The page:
In addition, it establishes obligations for each member of a PLLC, thus, serving as a groundwork for your business venture. This way, in case of any disputes, you can refer to this agreement.

Besides, you’ll be asked to show a copy of your operating agreement if you:

  • Decide to scale up;
  • Look to raise more funds by attracting investors.

So, it’s important to do it right. If you aren’t sure how to draft an agreement, you can ask a lawyer to help you with this.

Step 5. Get an EIN for Your PLLC in Florida

Despite the fact that PLLCs without employees do not need an EIN number, it may still be a good idea to get one, because you’ll need it when opening a business bank account.

Basically, an EIN is a federally issued number appointed to business entities for tax purposes. It is issued by the Internal Revenue of Service (IRS) online and is free to get by filling out an SS-4 form.

What Is a PLLC in FL?

A Florida professional limited liability company (known simply as a PLLC) is a business entity composed of a group of licensed professionals, providing services in industries, such as medicine, law, architecture, accounting, and many others.

So, essentially, it’s pretty much the same LLC, except for the fact that members of a PLLC must hold a business license to be authorized to legally run the business. This means all other steps after obtaining a license will be similar to those of forming an LLC.

In case you’re not sure if your profession qualifies as a professional service in Florida and you can form a PLLC, the best way is to check with the state licensing board or contact your local attorney or lawyer directly.

Cost to Open a PLLC in FL

To the question of “how much is a PLLC in Florida”, filing fees in Florida are quite affordable. Plus, some payments are optional, which means if you decide to skip some of them, you’ll be able to reduce the cost even more.

In general, there are two types of filing fees to consider:

  • Compulsory. These are the payments required to open a PLLC in FL, e.g. to obtain a business license and file the Articles of Organization;
  • Optional. Most other fees that you may need to pay as you proceed with your business are considered optional and may vary depending on the services you use.

Below you will find a detailed guide to the cost of PLLC formation in Florida, which includes both compulsory and optional fees:

ServiceCost
Business licenseMay vary depending on the industry
Articles of Organization fee$100
Registered agent fee$0-$125
Name reservation fee (optional)$25
Annual reports fee$138.75
Certified copies of documents$8.75
DBA (optional)$50
Certificate of Good Standing fee (optional)$15
Articles of Amendments (optional)$25
Articles of Dissolution fee (optional)$25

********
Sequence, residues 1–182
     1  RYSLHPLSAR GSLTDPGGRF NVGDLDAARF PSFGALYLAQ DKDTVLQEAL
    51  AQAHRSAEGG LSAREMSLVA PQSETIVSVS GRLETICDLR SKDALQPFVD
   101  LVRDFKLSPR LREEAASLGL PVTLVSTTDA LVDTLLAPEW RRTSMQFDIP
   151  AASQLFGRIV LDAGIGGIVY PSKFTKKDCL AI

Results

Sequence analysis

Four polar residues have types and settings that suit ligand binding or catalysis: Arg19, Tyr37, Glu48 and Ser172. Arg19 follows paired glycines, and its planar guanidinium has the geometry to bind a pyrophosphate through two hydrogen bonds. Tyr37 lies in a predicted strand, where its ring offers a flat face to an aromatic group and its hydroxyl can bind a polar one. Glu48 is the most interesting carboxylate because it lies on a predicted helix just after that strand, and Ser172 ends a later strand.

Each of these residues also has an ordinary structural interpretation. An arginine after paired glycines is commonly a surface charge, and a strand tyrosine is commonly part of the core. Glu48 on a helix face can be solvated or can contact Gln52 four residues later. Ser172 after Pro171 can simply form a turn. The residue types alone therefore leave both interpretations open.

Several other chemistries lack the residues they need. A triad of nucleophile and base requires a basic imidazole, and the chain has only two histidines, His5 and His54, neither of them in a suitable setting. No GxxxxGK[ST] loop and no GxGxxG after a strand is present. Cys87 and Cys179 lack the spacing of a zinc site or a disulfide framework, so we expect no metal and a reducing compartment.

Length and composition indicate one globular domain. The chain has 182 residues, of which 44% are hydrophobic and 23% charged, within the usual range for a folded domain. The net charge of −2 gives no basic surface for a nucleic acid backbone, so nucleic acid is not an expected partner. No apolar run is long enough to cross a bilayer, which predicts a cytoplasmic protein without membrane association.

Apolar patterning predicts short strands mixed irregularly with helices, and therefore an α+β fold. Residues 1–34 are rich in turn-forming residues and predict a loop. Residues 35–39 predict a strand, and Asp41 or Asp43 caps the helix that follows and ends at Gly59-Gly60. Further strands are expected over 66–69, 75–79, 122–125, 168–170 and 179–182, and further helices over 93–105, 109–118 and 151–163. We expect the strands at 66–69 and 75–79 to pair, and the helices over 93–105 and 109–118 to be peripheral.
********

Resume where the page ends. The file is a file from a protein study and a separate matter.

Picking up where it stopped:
If you don’t want to run your business under a legal name, which can be relevant for franchise business owners, or if your legal name is too long, you can register a trade name  (known as DBA “Doing Business As”).

The filing fee is $50, and it needs to be renewed every 5 years.

Another document you may want to obtain when running your business is a Certificate of Good Standing.

This document serves as proof that your business has been registered in the state and managed properly and may be required by banks when applying for a business loan or buying insurance for your business.

First Tasks After Setting up a PLLC in FL

Once all is done, you can finally give a sigh of relief, but it doesn’t mean it’s time to relax. Starting a PLLC in FL, although quite simple, requires good planning, so you need to make sure you don’t miss any important steps.

Open a Business Account

One of the benefits of forming a PLLC is that it offers personal asset protection. The catch is, you can only get this benefit if the distinction between your personal assets and business gains is evident.

For this reason, each newly-formed PLLC should open a business account. By maintaining your business finances separately, you’ll keep your personal assets protected, and it will be easier to track filing taxes.

A business account can be opened with any bank of your choice. All you need is to provide your EIN number and a copy of the Articles of Organization verified with the Secretary of State.

Get Business Insurance

PLLCs operating in Florida with at least 4 employees are required to have workers’ compensation insurance. This insurance is needed to protect your company from claims made against your business due to bodily injuries that occurred at work.

Depending on the type of professional service you or your members provide, it may also be appropriate to obtain malpractice insurance. That way, if you ever get disgruntled customers who are unfortunately hard to avoid, there will be less risk of them suing you.

You can also apply for general liability insurance. Though not compulsory, it can give you additional peace of mind that your PLLC is protected from “general claims”.

Find an Accountant

Next, it’s highly recommended to hire an accountant. Even if you have a financial background, you may still be better off with a professional working on your behalf, as the responsibilities of an accountant are much more varied than just preparing reports.

The role of an accountant in a company is hard to underestimate. It’s the person who acts as a business consultant, sharing performance reviews with you and giving you advice on how best to allocate the money to get more profits.

Understanding Reports

In Florida, there are two types of reports to file:

  • Income tax;
  • Annual reports.

It’s worth noting that PLLCs in Florida do not have a state income tax unless you elect to be taxed as a corporation. In the latter case, you’ll have to file forms with the Department of Revenue and pay a corporate income tax.

Regardless, any business entity in FL is required to report on their income, whether they’ve made any money or not.

When it comes to annual reporting, PLLCs in Florida have to report to the Secretary of State on the current status of their business, even if no changes have been made, so the government knows your company’s been properly maintained and is functioning.
Note that it’s important not to miss the deadline, which in Florida is May 1. Otherwise, in addition to the regular annual report filing fee, you’ll be charged an additional $400 late filing fee.